Lee Konitz, now 85-years-old, began his career in the wake of Charlie Parker but after mentoring by Lennie Tristano and recording with Warne Marsh, he became arguably the only saxophonist to offer an alternative to Bird’s overwhelming influence at the time. The 1949 recording, “Intuition,” found the three men defining ‘free jazz’ a full decade before the term was coined. It’s not surprising then that Konitz would gravitate to the post-modern sensibilities of Ethan Iverson, best known as the pianist in the Bad Plus and a composer of extremely wide range and versatility. Together with Larry Grenadier and Jorge Rossy, they offer a wildly creative set list on their new disc, “Costumes Are Mandatory.”
In 1976, the Detroit-born guitarist Earl Klugh—a self-taught virtuoso whose broad influences included Bill Evans, Burt Bacharach, Laurindo Almeda and Chet Atkins—burst on the scene with his self-titled debut CD which easily crossed beyond the categories of jazz, country, classical, pop, R&B and world music. Four decades and over thirty recordings later, the Grammy Award-winner and 12-time nominee has recorded with a number of master musicians—from George Benson, Al Jarreau and Bob James to Stevie Wonder, Miles Davis and Chick Corea—in a myriad of settings. His newest CD, “Hand Picked,” is a soulful sixteen-track solo/duet recording featuring special guest guitarists Bill Frisell and Vince Gill on a program of standards and Klugh originals.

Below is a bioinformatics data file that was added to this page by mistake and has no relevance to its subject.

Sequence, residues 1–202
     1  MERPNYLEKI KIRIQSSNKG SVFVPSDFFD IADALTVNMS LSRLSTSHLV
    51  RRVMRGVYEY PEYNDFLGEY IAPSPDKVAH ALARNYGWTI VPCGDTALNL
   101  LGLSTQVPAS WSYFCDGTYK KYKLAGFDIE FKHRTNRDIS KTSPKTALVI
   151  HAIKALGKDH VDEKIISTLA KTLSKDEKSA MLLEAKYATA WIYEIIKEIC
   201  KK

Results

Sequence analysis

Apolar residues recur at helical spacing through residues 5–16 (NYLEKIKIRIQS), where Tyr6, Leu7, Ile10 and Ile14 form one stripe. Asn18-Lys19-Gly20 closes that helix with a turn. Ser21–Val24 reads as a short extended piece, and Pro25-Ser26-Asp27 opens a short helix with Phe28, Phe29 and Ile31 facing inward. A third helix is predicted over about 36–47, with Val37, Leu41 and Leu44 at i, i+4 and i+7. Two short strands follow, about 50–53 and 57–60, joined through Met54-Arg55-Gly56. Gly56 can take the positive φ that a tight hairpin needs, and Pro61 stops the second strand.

Also this week, legendary guitarist Kenny Burrell is captured live at the West Coast jazz Mecca, Catalina’s on “Special Requests (And Other Favorites)”; singer and lyricist Lorraine Feather works with her longtime co-writers Russell Ferrante, Shelly Berg and Eddie Arkin, and new collaborator Dave Grusin for “Attachments”; and the new disc from Brian Andres & the Afro-Cuban Jazz Cartel, “San Francisco,” makes a persuasive case for that city having it own distinctive Latin jazz sound.